Part of the change is reflected in Hephzibah’s name change from orphanage to children’s home and the rise of terms like “true orphan” and “child needing services.” Bagley said with federal and state governments, regulations and agencies playing the predominant role in children, family and social services, most true orphans, those actually without parents, are in foster care. He said children needing services describes an array of kids needed help such as living arrangements and behavioral, mental health or other specific care. These children may come from the foster care system, court orders or direct placement. Bagley said in Georgia, children under 12 are not allowed in congregate care or group homes such as at Hephzibah so children there are primarily 12-18.
Hephzibah itself is an auxiliary ministry of the Wesleyan Church International and governed by a volunteer board of directors who elect a chief executive officer. Bagley said there are currently 34 at Hephzibah Children’s Home but that more than 100 have been in residential care throughout the year. Some return to families, which is always a goal, others have transferred and others have become too old to remain.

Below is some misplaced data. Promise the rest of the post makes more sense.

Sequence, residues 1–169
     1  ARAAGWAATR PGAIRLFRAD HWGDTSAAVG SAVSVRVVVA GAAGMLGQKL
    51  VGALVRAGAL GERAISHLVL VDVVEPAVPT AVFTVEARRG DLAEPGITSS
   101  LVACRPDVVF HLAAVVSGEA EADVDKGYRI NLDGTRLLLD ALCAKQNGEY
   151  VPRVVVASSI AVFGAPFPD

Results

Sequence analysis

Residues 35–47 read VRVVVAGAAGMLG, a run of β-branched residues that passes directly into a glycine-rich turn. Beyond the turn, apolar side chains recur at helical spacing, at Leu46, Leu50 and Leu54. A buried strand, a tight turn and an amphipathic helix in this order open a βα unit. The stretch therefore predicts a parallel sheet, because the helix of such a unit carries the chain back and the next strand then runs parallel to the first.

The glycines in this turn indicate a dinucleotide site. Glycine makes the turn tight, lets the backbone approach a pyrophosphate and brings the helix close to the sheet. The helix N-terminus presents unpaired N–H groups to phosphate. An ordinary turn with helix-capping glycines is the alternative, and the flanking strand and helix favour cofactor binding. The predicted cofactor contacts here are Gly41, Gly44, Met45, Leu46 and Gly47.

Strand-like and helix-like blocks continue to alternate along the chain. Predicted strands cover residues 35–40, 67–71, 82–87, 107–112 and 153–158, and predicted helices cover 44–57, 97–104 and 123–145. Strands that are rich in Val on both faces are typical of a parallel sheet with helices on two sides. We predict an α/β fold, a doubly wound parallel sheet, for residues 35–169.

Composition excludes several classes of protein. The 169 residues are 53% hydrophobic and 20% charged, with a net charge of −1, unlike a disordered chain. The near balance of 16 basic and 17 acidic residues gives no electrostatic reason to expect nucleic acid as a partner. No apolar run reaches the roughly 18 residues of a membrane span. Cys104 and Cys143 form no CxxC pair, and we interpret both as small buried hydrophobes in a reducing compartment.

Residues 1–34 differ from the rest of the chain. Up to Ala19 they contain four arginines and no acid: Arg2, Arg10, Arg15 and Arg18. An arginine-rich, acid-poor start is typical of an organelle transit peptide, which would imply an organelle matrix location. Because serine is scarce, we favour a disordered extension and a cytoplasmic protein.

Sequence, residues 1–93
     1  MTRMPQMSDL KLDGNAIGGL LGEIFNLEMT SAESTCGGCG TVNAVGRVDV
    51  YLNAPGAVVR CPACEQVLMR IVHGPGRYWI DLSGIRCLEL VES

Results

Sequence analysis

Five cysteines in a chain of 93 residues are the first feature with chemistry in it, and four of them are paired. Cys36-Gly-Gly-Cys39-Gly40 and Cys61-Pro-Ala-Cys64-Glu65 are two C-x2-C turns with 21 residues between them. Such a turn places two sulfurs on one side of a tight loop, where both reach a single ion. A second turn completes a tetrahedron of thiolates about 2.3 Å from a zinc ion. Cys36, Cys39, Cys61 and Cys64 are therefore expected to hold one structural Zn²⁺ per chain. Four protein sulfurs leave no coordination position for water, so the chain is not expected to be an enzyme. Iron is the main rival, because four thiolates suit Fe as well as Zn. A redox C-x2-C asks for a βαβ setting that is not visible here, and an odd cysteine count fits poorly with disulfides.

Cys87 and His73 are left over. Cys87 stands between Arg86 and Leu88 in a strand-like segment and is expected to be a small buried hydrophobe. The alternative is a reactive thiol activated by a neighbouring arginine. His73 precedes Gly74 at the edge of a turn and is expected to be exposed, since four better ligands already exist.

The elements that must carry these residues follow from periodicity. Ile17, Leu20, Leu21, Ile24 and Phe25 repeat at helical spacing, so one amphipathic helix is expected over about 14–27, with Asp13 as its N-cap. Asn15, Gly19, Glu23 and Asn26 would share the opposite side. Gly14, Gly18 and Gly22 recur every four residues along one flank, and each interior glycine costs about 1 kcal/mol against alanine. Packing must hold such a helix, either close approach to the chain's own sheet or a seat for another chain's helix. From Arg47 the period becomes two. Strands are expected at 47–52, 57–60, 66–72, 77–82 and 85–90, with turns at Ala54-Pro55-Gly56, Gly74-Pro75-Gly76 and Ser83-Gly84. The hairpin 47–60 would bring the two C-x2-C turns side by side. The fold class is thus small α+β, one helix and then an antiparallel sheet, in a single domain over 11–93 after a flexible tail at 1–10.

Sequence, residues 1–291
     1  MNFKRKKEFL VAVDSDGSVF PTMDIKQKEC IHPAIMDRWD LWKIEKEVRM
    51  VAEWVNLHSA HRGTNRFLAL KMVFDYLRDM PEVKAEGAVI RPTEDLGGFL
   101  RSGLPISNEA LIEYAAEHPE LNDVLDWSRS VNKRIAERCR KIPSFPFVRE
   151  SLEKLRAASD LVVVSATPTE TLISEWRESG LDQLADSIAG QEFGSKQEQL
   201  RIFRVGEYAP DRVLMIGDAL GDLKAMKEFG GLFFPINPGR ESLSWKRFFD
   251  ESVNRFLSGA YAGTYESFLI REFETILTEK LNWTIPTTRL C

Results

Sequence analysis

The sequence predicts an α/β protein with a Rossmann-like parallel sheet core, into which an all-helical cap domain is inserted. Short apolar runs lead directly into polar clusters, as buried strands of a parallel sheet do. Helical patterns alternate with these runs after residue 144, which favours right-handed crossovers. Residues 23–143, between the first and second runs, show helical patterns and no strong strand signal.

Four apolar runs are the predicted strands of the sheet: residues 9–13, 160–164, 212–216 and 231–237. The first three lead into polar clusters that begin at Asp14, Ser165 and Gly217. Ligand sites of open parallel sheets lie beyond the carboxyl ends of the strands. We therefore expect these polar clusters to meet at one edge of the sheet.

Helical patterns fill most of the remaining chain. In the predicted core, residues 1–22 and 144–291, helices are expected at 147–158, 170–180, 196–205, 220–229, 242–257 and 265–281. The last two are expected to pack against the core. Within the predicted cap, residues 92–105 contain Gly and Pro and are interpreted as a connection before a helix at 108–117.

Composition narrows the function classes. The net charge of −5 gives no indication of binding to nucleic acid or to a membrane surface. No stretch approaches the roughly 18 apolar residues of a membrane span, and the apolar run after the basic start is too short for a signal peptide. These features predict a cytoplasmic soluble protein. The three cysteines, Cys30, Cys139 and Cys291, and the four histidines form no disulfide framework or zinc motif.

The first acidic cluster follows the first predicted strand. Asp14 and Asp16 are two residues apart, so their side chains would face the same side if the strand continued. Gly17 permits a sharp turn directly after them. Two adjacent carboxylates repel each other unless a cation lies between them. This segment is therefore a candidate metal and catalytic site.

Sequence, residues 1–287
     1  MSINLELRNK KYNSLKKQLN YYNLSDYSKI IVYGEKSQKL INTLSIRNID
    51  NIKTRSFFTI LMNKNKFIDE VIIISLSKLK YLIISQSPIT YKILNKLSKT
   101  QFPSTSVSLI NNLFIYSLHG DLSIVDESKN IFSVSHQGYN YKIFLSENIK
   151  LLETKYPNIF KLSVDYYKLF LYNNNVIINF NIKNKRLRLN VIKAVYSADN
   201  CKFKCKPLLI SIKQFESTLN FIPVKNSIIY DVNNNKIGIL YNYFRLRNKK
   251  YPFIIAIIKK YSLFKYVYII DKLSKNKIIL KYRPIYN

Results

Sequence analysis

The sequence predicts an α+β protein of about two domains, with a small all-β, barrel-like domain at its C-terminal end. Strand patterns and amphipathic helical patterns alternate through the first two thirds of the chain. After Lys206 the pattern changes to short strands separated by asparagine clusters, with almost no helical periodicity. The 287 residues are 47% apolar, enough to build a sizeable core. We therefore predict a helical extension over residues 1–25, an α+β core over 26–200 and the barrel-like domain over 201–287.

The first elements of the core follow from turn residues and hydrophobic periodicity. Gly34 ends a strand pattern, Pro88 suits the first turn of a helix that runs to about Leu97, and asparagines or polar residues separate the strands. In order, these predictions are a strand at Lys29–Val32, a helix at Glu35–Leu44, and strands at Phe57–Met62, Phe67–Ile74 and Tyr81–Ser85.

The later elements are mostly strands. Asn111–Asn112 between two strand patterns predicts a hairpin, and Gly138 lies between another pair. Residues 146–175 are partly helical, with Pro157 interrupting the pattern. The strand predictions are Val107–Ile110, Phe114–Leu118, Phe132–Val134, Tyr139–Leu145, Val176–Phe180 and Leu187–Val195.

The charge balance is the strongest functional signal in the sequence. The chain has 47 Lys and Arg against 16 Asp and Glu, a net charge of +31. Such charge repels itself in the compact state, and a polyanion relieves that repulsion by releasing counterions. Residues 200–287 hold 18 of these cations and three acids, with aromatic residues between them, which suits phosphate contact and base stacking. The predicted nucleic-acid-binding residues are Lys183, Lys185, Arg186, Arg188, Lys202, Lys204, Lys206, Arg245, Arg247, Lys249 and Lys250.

Bagley said in the eight years he’s been at Hephzibah there’s not been a time when there hasn’t been at least one child receiving care after having been involved in child sex trafficking.
Hephzibah also operates a young mother’s home where there are currently 12 residents.
“We’re pleased to honor young mothers and help in their choice not to have an abortion,” he said. “We care for them and work with them to develop personal, life and parenting skills. Some come having been raped, even raped by a family member. Others have been trafficked, even trafficked by a family member. Some have been kicked out of homes — they really come for all different reasons. Some here are expecting and others are with their babies. There are three newborns here right now. That helped it feel a lot like Christmas around here.”
However it happens, staff at Hephzibah are in place to continue the work started by the two sisters. Through prayer and through the best methods of care, Bagley said they remain committed to serving children through Christ’s love.
“However we provide care, whatever services we give, a lot of those we care for are just children who if they weren’t here, they’d be falling through the cracks and not getting the services, the love and the care they need,” he said. “I’m grateful to have staff and volunteers that see the importance of loving these kids as part of providing them services. Some kids may not have suffered intentional neglect or abuse, but may just have been in homes where there weren’t the skills or the resources to look after them physically or emotionally. Sometimes their struggles are insurmountable and there’s no family or friends to help. But we’re here. God has put us here to help them.”
Contact writer Michael W. Pannell at email@example.com.
Hephzibah Ministries-Hephzibah Children’s Home
Address: 6601 Zebulon Rd., Macon, Ga. 31220
Leadership: Peter Bagley, executive director